The results of the inclusive lifetime analysis [14] are directly taken from the original measurement in the form of \(\sigma_{\rm red}^{c\bar{c}}\). In the case of D-meson and muon measurements, the inputs to the combination are visible cross sections \(\sigma_{\rm vis, bin}\) defined as the D (or μ) production cross section in a particular p T and η range, reported in the corresponding publications,3 in bins of Q 2 and y or x. Where necessary, the beauty contribution to the inclusive cross sections of D meson production is subtracted using the estimates of the corresponding papers. The measured cross sections include corrections for radiation of a real photon from the incoming or outgoing lepton and for virtual electroweak effects using the HERACLES program [62]. QED corrections to the incoming and outgoing quarks were neglected. All D-meson cross sections are updated using the most recent branching ratios [52].

3.2 Extraction of \(\sigma_{\rm red}^{c\bar{c}}\) from visible cross sections

In the case of D-meson and muon production, \(\sigma_{\rm red}^{c\bar{c}}\) is obtained from the visible cross sections \(\sigma_{\rm vis, bin}\) measured in a limited phase space using a common theory. The reduced charm cross section at a reference (x,Q 2) point is extracted according to
$$ \sigma_{\rm red}^{c\bar{c}}\bigl(x,Q^2\bigr)= \sigma_{\rm vis, bin} \frac{\sigma_{\rm red}^{c\bar{c}, \mathrm{th}}(x,Q^2)}{\sigma^{\rm th}_{\rm vis, bin}}. $$
(4)
The program from Riemersma et al. [19, 20, 21, 22] and the program HVQDIS [49] are used to calculate, in NLO FFNS, the reduced cross sections \(\sigma_{\rm red}^{c\bar{c}, \mathrm{th}}(x,Q^{2})\) and the visible cross sections \(\sigma^{\rm th}_{\rm vis, bin}\), respectively. The following parameters are used consistently in both NLO calculations and the corresponding variations are used to estimate the associated uncertainties on the extraction of \(\sigma_{\rm red}^{c\bar{c}}\):
  • pole mass of the charm quark m c =1.5±0.15 GeV;

  • renormalisation and factorisation scales \(\mu_{f}=\mu_{r}=\sqrt{Q^{2}+4m_{c}^{2}}\), varied simultaneously up or down by a factor of two;

  • strong coupling constant \(\alpha_{s}^{n_{f}=3}(M_{Z}) = 0.105 \pm0.002\), corresponding to \(\alpha_{s}^{n_{f}=5}(M_{Z}) = 0.116 \pm0.002\);

  • the proton structure is described by a series of FFNS variants of the HERAPDF1.0 set [43] at NLO, evaluated for m c =1.5±0.15 GeV and for \(\alpha_{s}^{n_{f}=3}(M_{Z}) = 0.105 \pm0.002\). For the light flavour contribution, the renormalisation and factorisation scales are set to μ r =μ f =Q, while for the heavy quark contributions the scales of \(\mu_{f}=\mu_{r}=\sqrt{Q^{2}+4m_{Q}^{2}}\) are used, with m Q being the mass of the charm or beauty quark. Additional PDF sets are evaluated, in which the scales are varied simultaneously by a factor of two up or down. Only the scale variation in the heavy quark contribution has a sizeable effect on the PDFs. The experimental, model and parameterisation uncertainties of the PDFs at 68 % C.L. are also included in the determination of the PDF uncertainties on \(\sigma_{\rm red}^{c\bar{c}}\). For estimating the uncertainties of the NLO calculations [19, 20, 21, 22, 49] due to the respective choice of the scales, α s and m c , the appropriate PDF set is used. The effects of the PDF uncertainties are calculated according to the HERAPDF1.0 prescription [43].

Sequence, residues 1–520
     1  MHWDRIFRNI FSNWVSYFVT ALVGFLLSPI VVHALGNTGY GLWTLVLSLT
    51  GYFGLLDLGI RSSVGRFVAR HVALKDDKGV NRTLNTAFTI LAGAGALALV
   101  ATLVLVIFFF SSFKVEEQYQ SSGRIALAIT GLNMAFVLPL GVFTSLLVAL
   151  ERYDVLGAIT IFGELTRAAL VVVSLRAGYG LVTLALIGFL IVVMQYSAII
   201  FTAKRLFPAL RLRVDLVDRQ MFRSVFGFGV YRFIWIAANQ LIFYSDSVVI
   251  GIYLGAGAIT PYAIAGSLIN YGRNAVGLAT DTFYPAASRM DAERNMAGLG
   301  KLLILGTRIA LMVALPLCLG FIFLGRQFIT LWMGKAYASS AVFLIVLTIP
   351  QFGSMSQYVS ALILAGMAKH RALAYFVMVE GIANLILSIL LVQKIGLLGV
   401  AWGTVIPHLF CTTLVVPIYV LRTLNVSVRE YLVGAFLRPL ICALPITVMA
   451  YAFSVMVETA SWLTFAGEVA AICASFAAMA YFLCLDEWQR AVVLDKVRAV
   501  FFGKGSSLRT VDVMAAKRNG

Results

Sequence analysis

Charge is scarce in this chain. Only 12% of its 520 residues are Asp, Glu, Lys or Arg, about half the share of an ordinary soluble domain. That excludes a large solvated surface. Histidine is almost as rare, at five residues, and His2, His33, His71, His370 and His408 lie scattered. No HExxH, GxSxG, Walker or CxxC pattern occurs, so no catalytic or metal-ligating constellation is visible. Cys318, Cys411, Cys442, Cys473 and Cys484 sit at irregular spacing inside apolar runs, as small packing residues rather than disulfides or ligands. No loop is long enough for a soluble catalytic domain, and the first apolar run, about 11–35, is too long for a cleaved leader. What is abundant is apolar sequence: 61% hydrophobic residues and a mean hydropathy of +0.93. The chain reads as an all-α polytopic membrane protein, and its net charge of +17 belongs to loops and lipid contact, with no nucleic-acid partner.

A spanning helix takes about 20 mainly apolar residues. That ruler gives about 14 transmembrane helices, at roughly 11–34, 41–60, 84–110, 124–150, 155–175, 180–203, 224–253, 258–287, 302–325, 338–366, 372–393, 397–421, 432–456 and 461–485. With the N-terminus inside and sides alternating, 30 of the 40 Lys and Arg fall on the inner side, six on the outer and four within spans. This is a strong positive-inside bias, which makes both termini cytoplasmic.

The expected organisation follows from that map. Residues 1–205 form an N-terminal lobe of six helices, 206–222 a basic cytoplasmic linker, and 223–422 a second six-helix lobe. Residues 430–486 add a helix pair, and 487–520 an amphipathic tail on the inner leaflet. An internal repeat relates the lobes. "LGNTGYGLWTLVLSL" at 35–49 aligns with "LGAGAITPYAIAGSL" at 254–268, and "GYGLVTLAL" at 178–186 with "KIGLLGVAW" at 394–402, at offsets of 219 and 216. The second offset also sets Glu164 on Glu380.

The cross sections \(\sigma_{\rm vis, bin}^{\rm th}\) depend, in addition to the kinematics of the charm quark production mechanism, also on the fragmentation of the charm quark into particular hadrons. The charm quark fragmentation function has been measured by H1 [63] and ZEUS [11] using the production of D mesons, with and without associated jets, in DIS and photoproduction (Q 2≈0 GeV2). In the calculation of \(\sigma_{\rm vis, bin}^{\rm th}\) the fragmentation is performed in the γ -p centre-of-mass frame, using for the fraction of the charm quark momentum carried by the charmed meson a fragmentation function which is controlled by a single parameter, α K  [64]. The parameter relevant for charm fragmentation into D mesons has been determined [11, 63] for the NLO FFNS calculation for three different kinematic and jet requirements, which correspond approximately to three different regions of the γ -parton centre-of-mass energy squared, \(\hat{s}\). The values of α K , together with the corresponding ranges in \(\hat{s}\), are listed in Table 2. The fragmentation is observed to become softer with increasing \(\hat {s}\), as expected from the evolution of the fragmentation function. The limits on the \(\hat{s}\) ranges are determined with HVQDIS by applying the jet requirements of the individual analysis on parton level. The α K parameters and the \(\hat{s}\) ranges were varied according to their uncertainties to evaluate the corresponding uncertainty on \(\sigma_{\rm vis, bin}^{\rm th}\).